- International Baccalaureate: 24
- BTEC National Diploma: MMM
- ABMA Diplomas and Certificates
- SAT: 1700
- ACT composite: 24
- French Baccalaureate: 10/20
- Abitur (Germany): 2.5 – 2.7
- Esame di Stato (Italy): Overall average of 60 or above
- Application for Undergraduate Admission
- Personal Statement
- one Confidential Letter of Academic Recommendation
- Official School Transcripts (if a transfer applicant with under 30 credits, you must also submit official High school transcripts)
- English Language Test Scores** (required for students whose native language is not English)
*Advanced Credit: Students meeting this standard in relevant subjects will normally be given exemption from introductory courses and may complete the degree programme in less than four years. See the ABMA Advanced Early Qualifications link (below) for advanced entry details for students holding ABMA qualifications. Candidates with US High School Diplomas or other entry qualifications can be considered for entry to year 1 of the 4 year degree programmes. ABMA Advanced Entry Qualifications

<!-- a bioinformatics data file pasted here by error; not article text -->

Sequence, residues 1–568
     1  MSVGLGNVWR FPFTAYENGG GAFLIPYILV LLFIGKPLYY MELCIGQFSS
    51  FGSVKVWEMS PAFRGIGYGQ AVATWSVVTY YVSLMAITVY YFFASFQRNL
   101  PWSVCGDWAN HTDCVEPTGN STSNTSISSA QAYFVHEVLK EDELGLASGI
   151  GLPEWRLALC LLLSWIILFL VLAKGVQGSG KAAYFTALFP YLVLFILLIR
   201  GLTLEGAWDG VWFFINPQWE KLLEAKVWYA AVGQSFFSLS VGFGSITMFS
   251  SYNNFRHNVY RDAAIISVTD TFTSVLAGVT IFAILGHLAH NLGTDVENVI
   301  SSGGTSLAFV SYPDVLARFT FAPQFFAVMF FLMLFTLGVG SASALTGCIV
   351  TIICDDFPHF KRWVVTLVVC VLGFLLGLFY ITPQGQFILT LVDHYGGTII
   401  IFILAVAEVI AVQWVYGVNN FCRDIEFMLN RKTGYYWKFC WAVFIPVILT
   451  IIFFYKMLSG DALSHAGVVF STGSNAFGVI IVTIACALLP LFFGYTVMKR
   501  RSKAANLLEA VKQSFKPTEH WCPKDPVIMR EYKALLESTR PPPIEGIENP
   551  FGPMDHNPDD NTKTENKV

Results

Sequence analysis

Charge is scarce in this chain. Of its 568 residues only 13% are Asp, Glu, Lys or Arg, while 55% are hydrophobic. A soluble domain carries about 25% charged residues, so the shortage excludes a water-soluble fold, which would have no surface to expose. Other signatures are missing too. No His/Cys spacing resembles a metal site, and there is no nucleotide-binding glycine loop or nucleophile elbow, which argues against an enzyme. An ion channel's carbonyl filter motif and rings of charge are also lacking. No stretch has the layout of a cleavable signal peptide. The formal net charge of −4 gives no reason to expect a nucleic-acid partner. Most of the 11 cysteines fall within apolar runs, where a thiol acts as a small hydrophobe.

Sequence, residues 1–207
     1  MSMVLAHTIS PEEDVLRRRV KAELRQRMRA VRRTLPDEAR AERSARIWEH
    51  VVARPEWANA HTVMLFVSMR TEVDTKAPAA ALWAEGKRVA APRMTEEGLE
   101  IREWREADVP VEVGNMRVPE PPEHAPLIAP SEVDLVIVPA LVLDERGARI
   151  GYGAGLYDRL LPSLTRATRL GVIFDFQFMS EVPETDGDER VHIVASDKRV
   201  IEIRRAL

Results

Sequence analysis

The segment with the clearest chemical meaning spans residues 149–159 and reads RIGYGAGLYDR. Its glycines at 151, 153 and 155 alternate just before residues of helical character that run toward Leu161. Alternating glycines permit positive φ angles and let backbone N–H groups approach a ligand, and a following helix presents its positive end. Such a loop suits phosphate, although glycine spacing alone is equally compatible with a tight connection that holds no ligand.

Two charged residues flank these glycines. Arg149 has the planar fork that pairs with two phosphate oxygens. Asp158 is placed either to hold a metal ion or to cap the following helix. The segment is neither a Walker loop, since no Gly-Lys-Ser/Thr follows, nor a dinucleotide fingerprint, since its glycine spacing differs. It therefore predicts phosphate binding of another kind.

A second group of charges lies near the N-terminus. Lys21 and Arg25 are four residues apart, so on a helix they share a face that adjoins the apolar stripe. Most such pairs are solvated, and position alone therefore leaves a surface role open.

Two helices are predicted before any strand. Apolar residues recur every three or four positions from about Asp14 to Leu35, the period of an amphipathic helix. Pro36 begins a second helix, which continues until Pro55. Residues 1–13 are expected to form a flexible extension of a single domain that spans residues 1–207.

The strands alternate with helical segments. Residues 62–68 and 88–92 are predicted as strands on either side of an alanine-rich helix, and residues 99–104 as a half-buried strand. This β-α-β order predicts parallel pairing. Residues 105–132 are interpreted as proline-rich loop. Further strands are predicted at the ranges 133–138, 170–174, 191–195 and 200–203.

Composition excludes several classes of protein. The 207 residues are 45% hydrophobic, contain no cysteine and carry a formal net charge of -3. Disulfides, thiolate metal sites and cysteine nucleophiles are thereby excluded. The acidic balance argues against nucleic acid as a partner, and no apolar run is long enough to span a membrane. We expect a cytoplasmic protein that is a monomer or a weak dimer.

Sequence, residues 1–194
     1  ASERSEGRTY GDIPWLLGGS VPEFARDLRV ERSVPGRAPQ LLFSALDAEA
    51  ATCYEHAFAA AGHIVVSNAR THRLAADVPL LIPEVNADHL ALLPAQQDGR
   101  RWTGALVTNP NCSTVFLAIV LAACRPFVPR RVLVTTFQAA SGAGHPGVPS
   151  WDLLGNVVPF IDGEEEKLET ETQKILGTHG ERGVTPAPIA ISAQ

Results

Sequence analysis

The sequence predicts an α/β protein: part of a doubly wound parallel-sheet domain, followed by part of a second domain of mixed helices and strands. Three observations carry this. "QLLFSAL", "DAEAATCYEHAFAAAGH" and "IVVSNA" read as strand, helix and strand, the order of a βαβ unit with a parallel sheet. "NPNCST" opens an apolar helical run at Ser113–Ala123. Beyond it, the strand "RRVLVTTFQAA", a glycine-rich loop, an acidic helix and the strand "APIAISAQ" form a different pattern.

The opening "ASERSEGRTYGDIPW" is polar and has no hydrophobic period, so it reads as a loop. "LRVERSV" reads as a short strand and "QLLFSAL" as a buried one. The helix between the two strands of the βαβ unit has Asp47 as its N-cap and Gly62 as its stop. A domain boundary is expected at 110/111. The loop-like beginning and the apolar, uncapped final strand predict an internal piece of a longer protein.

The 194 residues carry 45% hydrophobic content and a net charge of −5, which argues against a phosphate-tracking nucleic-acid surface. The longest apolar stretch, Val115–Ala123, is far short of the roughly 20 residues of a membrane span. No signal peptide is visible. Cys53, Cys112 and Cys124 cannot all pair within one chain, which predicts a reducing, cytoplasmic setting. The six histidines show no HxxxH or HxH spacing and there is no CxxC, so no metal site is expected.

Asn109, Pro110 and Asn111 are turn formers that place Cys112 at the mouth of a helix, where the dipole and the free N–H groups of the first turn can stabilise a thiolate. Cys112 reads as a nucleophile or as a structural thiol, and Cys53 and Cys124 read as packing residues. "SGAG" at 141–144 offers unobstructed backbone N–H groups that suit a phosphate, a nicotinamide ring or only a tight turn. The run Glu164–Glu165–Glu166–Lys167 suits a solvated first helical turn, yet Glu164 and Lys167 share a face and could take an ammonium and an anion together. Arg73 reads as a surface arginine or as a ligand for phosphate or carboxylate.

Students with Advanced Standing A student who has passed an Advanced Placement Test will be given six credits for each subject in which a grade 3,4 or 5 is achieved. A student who has passed an A level (advanced level) examination will be given nine credits for each subject in which a grade of A, B or C is achieved. Six credits will be given for a grade of D or E. Students with advanced qualifications may be awarded course credit towards the BA or BS degree. Examples are the International Baccalaureate, the Baccalauréat de l’Enseignement du Second Degré (France), the Abitur/Reifzeugnis (Germany), the Diploma di Maturità (Italy), and the School Leaving Diploma from Denmark, Finland, Norway and Sweden.